Why micro-businesses could be Britain’s economic future

Allister Heath
IF you want to see how Britain has changed since the 1970s, look no further than our attitudes to entrepreneurship. There were around 820,000 small firms in the UK in 1971, according to an official report chaired by John Bolton, an industrialist; one of Britain’s great problems at the time was the terribly small number of entrepreneurs and the fact that far too many people relied on larger firms for jobs.

By the turn of the century, according to official estimates, the total number of firms had surged to 3.5m. By 2008 this number had increased to 4.26m, as Lord Young’s report on micro-businesses out this morning highlights. The need for many people to go self-employed over the past five years explains why this number has now hit a record 4.8m, with a net rise of half a million small businesses since the start of the crisis.

The number of micro-businesses (with up to nine staff) is up 40 per cent since 2000; they account for 95.6 per cent of all businesses, employ 7.8m or 32 per cent of private sector workers, and generate 20 per cent of the private sector’s turnover. There are 10 per cent fewer firms with over 250 employees. It is tough working for oneself, either heading up a new venture or as a freelance. Real wages have slumped for employees, but even more so for the self-employed, many of whom have been forced into that position because their employee position has vanished, or because larger firms don’t want to deal with the red tape that having staff entails. Some of these folk would much rather work for an established company.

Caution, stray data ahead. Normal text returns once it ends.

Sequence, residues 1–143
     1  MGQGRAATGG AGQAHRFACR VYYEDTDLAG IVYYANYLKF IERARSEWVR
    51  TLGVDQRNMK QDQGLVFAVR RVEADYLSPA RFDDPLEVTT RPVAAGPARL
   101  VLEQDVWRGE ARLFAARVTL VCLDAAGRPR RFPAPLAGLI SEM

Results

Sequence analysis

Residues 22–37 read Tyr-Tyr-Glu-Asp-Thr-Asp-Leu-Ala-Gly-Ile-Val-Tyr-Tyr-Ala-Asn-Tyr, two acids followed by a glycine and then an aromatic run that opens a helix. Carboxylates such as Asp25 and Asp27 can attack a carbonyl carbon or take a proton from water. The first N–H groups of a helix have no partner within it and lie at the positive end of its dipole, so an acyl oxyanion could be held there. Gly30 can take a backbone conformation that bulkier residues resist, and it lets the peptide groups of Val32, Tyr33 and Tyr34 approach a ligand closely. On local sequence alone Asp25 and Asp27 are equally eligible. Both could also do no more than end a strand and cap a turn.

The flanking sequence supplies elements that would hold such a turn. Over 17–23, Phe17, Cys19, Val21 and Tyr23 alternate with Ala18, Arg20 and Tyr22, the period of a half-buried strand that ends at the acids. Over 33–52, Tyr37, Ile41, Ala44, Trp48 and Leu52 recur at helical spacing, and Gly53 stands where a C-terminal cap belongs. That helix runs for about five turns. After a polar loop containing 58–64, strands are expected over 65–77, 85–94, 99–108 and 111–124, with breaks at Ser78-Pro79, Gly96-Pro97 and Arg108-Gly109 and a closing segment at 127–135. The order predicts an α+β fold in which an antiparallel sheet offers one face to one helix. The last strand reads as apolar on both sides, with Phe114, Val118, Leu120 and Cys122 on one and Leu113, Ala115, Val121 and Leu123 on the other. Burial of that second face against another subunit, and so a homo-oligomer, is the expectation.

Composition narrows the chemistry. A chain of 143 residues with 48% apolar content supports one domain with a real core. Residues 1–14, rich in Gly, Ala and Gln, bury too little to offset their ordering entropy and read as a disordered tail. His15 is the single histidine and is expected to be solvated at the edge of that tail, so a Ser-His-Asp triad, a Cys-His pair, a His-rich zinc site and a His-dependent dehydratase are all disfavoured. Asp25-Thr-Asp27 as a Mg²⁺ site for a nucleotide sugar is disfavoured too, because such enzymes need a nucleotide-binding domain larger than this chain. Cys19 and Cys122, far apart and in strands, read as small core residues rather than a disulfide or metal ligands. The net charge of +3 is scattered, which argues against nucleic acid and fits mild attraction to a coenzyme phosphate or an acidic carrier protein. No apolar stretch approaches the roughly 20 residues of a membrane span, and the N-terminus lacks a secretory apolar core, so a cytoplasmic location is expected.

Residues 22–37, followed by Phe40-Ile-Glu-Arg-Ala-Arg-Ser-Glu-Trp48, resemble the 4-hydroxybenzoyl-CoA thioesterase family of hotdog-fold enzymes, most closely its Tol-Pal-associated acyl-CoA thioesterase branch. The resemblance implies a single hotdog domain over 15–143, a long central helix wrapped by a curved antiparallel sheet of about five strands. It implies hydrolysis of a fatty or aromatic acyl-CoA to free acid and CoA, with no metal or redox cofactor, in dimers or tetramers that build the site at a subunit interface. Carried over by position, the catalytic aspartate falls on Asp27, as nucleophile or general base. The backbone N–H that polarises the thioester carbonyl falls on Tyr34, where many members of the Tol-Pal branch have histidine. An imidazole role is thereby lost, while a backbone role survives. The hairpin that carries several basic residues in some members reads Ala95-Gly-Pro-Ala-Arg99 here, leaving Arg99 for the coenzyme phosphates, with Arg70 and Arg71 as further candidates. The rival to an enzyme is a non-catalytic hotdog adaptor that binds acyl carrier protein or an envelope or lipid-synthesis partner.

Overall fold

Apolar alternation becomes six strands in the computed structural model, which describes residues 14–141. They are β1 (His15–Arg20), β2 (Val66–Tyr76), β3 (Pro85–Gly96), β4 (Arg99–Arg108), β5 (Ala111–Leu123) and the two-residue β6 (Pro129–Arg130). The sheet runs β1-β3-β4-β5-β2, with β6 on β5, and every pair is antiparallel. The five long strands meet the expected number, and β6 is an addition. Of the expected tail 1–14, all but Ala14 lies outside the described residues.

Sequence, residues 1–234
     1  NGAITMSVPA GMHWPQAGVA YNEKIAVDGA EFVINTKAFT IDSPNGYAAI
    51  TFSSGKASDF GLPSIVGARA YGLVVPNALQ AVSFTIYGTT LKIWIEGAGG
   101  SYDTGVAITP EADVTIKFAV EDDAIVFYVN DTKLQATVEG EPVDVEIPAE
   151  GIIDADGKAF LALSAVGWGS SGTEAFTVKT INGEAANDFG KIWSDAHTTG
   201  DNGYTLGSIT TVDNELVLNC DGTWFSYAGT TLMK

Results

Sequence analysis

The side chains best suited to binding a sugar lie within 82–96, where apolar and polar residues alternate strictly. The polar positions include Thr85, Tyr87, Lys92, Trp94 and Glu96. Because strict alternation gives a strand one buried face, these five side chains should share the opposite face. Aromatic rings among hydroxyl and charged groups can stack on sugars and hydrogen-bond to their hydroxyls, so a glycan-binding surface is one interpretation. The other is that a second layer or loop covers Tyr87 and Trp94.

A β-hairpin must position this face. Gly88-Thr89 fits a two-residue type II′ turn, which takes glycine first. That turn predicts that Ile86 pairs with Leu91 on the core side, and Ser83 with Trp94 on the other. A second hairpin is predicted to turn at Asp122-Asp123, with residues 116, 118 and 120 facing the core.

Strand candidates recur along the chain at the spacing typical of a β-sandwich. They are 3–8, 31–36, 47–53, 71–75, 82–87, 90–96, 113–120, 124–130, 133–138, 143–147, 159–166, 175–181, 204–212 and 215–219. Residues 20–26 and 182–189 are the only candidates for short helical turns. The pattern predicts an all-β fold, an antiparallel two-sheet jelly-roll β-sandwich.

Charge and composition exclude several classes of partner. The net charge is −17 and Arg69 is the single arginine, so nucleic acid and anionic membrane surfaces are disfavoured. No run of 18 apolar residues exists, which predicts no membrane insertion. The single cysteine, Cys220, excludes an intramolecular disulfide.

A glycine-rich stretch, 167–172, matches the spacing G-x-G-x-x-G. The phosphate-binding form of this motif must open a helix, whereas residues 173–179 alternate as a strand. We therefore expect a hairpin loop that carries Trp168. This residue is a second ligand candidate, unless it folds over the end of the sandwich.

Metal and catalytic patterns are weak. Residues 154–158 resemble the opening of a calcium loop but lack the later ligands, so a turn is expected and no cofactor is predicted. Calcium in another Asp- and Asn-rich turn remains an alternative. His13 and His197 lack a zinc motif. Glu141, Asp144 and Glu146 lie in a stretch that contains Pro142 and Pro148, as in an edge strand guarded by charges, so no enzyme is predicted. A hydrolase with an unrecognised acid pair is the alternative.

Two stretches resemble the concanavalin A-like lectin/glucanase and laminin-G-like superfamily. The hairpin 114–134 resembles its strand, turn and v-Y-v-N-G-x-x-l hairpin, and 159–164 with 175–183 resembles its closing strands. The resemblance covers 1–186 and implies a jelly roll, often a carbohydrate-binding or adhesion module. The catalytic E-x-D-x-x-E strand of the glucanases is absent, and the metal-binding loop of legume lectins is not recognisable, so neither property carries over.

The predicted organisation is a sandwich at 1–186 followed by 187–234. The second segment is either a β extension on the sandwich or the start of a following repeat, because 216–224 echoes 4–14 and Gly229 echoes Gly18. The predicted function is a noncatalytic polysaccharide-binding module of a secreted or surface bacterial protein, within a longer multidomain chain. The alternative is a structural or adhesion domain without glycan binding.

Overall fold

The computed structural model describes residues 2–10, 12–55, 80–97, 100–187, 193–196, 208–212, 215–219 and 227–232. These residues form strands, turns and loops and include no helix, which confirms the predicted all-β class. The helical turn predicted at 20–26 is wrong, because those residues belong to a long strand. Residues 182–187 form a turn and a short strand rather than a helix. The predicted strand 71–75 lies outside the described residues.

But the UK’s culture is also becoming increasingly entrepreneurial, with ever more people wanting to become their own boss, regardless of risk, preferring loose networks to rigid hierarchies and labour rights; the rise of this culture of independence, individualism and self-reliance is a genuinely exciting trend.

That said, while the gap between the UK and US has narrowed dramatically in recent decades on this key metric, it has further to go. Research from the Department for Business suggests that if Brits were as entrepreneurial as Americans we would have nearly 1m more firms.

There is another problem behind the seemingly good British statistics. Since 2000, the number of sole traders is up 51 per cent, the number of firms with one employee (on top of the founder) is down 12 per cent (and by much more since the peak), the number with 2-4 employees is up 20 per cent (but has barely risen since 2007) and that with 5-9 up 14 per cent. So while slightly larger firms have done relatively well, most of the growth has come from self-employment, and slightly larger small firms have suffered. Depressingly, of the 4.8m UK firms, 3.6m are sole traders without employees.

So while the UK has no trouble creating self-employment, which is why we are doing better on the jobs front than the often inflexible and unadaptable Eurozone, we remain bad at creating small firms that go on to grow, hire people and turn into larger ones, the so-called gazelles. We need to fix this problem, and fast.

Nobody knows how long it will last, but the economic newsflow is continuing to improve. All five economic surveys this morning are positive, unprecedented in recent years. The CBI says growth is picking up; the CIPD sees further jobs growth; Lloyds’ regional PMIs are the strongest for eight months; BDO’s business trends reports booming confidence in services; and Barclaycard highlights that consumer spending is picking up. Let’s hope it isn’t a false dawn.

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